Consecrations according to the 1968 rite


#1

I have seen, mostly from sedevacantist and traditionalist sources, that 1968 consecrations of bishops are invalid, because the main prayer doesn’t have any reference to the episcopate.

1.- What does consecrate someone bishop? The whole rite or the essential prayer?
2.- Could you give me reasons of its validity (I know that the church has supreme authority)?
Greetings.


#2

There are no divinely instituted words of ordination. What is definitely of apostolic practice is the laying of hands Therefore, what is valid is what the Church says is valid. For all one cares, the Church could simply state that the intent to ordain along with the laying of hands in silence is valid, if the Church promulgates it to be so.


#3

Actually, this is the way that it was explained to me in my youth many decades ago–that ordination was conferred simply by the laying on of hands without any accompanying prayer. (There were accompanying prayers and much additional ritual, but not at the moment of the laying on of hands.) I haven’t looked at the current ordination liturgy; I think it does include words of ordination, but apparently it is the laying on of hands which is required.


#4

I’d be very grateful if someone answered this question I exposed before:
What does consecrate someone bishop? The whole rite or the essential prayer? (Pontificale Romanum by Paul VI)


#5

What they say is a lie. Therefore there’s no point in addressing the issue any further.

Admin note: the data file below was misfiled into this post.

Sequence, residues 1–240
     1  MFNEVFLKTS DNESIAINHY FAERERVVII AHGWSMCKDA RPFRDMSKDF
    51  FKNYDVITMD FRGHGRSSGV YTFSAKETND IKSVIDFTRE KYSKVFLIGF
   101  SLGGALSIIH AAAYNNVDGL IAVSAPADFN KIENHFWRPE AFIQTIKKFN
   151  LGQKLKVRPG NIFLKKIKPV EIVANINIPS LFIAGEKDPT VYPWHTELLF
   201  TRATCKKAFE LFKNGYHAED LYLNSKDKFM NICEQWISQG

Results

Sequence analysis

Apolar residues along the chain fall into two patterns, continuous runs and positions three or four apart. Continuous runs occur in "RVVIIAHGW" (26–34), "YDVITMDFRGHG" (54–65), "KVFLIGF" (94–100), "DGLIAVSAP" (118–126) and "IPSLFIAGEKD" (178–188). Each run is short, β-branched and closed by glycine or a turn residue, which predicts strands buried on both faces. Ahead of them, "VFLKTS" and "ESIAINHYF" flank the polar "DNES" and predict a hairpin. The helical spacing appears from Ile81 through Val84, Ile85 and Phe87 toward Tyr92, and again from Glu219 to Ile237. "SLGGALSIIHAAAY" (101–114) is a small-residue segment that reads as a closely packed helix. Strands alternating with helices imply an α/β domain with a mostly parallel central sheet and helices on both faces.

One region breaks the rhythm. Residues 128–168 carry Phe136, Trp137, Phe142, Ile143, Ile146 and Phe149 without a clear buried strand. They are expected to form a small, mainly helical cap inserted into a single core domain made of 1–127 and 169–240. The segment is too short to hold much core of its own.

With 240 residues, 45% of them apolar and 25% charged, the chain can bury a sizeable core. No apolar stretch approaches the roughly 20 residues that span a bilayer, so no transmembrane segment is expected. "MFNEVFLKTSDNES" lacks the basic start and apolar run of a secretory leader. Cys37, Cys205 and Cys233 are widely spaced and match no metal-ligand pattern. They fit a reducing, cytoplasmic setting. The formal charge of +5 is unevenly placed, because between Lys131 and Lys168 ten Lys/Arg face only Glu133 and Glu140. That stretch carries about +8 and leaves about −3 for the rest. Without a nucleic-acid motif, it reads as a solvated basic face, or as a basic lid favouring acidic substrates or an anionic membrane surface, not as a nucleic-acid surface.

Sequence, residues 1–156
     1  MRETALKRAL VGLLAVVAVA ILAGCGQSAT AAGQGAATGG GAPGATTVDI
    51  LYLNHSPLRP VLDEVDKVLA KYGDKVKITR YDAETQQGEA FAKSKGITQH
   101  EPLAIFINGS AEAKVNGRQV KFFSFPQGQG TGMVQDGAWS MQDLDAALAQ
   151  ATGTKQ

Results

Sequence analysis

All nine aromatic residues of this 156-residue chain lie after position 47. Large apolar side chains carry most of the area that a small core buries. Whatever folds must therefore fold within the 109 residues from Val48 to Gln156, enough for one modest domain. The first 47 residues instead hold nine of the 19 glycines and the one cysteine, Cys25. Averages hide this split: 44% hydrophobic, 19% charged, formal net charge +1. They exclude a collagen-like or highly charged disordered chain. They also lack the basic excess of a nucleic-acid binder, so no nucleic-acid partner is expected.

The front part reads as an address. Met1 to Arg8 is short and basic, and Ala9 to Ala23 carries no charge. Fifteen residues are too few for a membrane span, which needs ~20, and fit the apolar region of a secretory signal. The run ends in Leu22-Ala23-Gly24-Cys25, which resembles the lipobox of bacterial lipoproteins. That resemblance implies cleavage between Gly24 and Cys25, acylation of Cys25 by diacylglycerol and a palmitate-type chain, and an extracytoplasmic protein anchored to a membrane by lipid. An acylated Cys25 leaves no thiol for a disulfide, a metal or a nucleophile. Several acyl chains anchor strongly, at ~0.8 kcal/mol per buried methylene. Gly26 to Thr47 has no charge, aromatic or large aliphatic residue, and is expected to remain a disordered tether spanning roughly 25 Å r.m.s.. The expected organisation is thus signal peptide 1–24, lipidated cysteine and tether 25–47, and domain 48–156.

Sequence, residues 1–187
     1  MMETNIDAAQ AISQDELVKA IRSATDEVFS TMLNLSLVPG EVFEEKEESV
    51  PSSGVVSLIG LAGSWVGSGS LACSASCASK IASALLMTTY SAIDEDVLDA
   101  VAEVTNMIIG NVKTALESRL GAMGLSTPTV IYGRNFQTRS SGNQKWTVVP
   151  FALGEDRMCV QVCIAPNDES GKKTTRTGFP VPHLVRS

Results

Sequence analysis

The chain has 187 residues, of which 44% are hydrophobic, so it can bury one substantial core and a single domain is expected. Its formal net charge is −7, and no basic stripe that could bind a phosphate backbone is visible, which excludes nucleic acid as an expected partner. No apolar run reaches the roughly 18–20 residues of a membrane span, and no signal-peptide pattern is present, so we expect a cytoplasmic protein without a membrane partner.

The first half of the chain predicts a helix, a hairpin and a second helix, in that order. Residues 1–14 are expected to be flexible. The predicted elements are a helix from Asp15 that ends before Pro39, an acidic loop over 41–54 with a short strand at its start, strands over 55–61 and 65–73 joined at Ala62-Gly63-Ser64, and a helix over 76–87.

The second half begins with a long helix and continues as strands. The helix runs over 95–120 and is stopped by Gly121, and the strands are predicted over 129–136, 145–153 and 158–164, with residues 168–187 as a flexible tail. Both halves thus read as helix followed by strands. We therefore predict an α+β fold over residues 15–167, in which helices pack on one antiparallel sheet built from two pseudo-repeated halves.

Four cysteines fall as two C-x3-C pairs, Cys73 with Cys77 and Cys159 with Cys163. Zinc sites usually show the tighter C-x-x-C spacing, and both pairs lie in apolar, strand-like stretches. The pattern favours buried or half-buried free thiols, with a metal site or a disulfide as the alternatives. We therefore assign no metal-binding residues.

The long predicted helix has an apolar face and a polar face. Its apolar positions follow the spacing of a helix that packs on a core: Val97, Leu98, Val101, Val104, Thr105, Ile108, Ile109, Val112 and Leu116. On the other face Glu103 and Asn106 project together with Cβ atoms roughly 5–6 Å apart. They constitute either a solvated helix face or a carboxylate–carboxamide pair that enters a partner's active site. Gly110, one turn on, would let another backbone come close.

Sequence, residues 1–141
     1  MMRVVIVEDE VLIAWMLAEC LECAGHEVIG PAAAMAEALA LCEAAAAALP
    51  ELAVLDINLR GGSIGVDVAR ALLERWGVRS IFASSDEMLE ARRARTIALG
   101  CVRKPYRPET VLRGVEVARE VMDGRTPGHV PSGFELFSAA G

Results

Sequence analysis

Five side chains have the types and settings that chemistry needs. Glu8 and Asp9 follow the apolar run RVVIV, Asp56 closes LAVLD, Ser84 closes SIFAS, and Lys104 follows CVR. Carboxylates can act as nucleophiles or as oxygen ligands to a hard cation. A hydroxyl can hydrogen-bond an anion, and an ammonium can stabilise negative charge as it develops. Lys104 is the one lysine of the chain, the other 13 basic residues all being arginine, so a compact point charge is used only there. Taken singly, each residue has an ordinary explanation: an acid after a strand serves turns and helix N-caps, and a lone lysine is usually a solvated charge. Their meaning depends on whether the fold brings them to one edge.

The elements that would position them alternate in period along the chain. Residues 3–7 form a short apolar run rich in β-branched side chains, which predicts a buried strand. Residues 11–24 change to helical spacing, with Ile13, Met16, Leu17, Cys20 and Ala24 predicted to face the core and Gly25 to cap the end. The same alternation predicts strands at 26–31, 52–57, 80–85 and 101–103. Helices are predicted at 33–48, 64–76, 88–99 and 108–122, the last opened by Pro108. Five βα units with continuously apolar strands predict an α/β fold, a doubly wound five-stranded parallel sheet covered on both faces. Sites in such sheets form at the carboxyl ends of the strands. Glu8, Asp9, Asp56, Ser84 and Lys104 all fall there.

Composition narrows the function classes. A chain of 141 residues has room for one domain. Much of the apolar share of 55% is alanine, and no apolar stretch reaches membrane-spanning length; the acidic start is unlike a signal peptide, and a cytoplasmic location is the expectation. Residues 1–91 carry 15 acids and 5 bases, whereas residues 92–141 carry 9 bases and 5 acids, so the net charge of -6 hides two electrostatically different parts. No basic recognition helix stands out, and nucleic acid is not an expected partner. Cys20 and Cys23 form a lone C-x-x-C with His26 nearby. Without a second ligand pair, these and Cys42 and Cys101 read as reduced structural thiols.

because the main prayer doesn’t have any reference to the episcopate.

1.- What does consecrate someone bishop? The whole rite or the essential prayer?
2.- Could you give me reasons of its validity (I know that the church has supreme authority)?
Greetings.


#6

Ask them what authority they have to make de fide pronouncements on this as well as the new Rite of Ordination of priests. They have none.

The most diabolical thing they do is put that question mark in your Catholic mind to make you question and doubt.


#7

I seriously doubt that anyone can trace back to it’s original foundation where these questions and these positions have come from. Many, if not most of the people holding these positions confuse rules with faith, seemingly presuming that faith is simply a process of following a certain rule exactly.

Likewise, they have so little sense of history of the Church that one would have to look for it with a searchlight, microscope and tweezers. It is hard to fault someone who simply knows no better, and is following what they have been taught; and trying to pin culpability on their teachers does not follow well, as they simply reiterate what they were taught. As noted; it is nigh impossible to trace it back to the source.

We all need to keep in mind that Christ constantly dealt with the Pharisees, whose rigidity about rules and their obvious lack of understanding the “why” of the rules was not something invented by the individuals He spoke with. It had a long-standing history.

There are none so blind as those who will not see.